Environmental issues are becoming a major part of the rhetorical fight leading up to the 2012 elections.
Republicans are trying to put Democrats on the defensive by calling environmental regulations “job killers”; Democrats are working to label Republicans as the “Grand Oil Party.” Both parties are using issues like climate change, offshore drilling, renewable energy and emissions regulations as important pieces of their early campaigning.
A recent piece from the Economist called “Environmentalism under fire” describes how political leaders are approaching the issues:
That is in part, presumably, because at the mid-terms last year the Republicans succeeded in portraying the Democrats’ plans to restrict emissions via a cap-and-trade scheme as an all-out assault on the economy, to great effect. John Shimkus, another Republican congressman, says Republicans will benefit again if environmental regulation remains a fraught issue next year. But Democrats like Mr. Waxman argue that the Republicans are reading too much into their victory last year. Voters may put their immediate economic concerns ahead of more amorphous worries about global warming in the wake of the recession, he says, but they are still not willing to tolerate a broader assault on regulations that protect public health.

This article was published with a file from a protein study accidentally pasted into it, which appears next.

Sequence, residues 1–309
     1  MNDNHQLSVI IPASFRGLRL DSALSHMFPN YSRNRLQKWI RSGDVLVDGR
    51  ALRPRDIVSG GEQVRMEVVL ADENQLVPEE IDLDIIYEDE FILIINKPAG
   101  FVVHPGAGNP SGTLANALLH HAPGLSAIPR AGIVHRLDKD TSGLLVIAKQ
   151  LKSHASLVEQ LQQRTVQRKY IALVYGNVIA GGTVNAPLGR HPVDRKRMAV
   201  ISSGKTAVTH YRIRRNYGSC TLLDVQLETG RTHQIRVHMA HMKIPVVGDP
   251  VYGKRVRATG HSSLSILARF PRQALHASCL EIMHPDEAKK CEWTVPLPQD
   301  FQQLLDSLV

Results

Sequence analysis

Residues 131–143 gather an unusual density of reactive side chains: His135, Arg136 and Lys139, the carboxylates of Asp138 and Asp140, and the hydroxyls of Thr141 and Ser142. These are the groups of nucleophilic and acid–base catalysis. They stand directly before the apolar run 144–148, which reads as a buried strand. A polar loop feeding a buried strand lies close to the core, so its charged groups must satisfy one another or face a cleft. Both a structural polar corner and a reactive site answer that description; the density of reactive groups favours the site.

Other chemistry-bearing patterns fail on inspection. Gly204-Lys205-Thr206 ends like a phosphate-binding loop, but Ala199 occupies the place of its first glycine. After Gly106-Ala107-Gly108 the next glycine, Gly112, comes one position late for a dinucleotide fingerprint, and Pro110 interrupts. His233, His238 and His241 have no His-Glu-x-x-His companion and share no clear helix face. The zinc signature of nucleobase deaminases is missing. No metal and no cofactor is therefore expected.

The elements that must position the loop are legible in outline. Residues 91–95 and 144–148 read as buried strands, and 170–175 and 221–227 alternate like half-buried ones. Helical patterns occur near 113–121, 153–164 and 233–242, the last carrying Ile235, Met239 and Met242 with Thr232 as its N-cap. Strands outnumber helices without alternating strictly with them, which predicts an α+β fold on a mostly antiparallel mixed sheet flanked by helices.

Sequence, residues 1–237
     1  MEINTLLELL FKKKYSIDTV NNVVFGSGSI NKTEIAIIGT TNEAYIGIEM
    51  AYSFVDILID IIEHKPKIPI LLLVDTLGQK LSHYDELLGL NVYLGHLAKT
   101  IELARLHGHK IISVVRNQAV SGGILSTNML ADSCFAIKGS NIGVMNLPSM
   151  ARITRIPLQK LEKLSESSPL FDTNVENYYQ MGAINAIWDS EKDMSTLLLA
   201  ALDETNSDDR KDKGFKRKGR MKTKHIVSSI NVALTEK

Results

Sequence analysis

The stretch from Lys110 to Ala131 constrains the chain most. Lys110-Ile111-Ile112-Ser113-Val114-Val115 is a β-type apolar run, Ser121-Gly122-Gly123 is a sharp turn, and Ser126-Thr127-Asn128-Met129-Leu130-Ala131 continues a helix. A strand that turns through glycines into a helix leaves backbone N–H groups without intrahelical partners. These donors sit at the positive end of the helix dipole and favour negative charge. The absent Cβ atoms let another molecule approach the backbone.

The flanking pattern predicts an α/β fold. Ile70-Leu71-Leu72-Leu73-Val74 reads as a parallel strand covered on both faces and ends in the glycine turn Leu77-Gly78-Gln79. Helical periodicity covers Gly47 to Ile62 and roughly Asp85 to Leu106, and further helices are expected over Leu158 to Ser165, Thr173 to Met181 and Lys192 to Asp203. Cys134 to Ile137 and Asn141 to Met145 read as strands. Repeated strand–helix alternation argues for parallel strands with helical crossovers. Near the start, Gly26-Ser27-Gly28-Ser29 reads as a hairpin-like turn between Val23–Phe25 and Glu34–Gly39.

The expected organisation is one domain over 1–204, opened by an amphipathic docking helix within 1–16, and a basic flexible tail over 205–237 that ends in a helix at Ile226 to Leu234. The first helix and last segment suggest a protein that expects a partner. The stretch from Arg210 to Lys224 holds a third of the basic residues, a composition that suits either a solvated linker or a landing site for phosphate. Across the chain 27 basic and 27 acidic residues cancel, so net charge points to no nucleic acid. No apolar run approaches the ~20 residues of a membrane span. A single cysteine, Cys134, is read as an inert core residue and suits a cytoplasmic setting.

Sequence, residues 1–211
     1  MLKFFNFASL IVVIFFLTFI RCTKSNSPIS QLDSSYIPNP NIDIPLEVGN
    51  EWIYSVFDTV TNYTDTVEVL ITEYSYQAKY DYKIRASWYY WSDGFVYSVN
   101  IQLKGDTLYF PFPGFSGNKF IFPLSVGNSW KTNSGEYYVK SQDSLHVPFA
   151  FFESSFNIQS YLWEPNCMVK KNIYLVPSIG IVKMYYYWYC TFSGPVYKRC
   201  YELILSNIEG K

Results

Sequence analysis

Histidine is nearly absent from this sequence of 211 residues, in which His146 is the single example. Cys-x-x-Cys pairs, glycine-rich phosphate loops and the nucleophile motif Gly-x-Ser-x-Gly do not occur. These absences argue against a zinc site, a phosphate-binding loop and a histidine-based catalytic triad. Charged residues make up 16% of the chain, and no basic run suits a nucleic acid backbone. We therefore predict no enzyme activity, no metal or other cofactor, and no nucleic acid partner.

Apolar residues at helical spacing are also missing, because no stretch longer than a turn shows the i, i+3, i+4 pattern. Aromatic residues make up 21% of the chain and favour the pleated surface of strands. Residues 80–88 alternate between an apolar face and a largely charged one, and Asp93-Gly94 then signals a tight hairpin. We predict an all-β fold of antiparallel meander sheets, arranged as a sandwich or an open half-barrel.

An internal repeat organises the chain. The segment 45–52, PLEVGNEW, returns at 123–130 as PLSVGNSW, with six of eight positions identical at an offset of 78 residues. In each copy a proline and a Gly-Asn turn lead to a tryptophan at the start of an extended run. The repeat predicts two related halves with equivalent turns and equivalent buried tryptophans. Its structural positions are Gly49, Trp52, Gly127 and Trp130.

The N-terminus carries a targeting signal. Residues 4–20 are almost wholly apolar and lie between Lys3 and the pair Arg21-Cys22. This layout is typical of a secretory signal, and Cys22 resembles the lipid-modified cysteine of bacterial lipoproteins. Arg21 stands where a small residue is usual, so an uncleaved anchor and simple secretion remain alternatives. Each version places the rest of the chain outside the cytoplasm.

In short, both the Democrats and the Republicans think they have found a winning theme in the other party’s environmental policies. And they may both, in fact, be right. Most polling suggests that the environment is not a critical issue in the eyes of many voters. But talking about it is a great way to fire up activists and donors on both sides.
So what do you think? Will voters respond to these issues? And if so, which strategy will be more effective?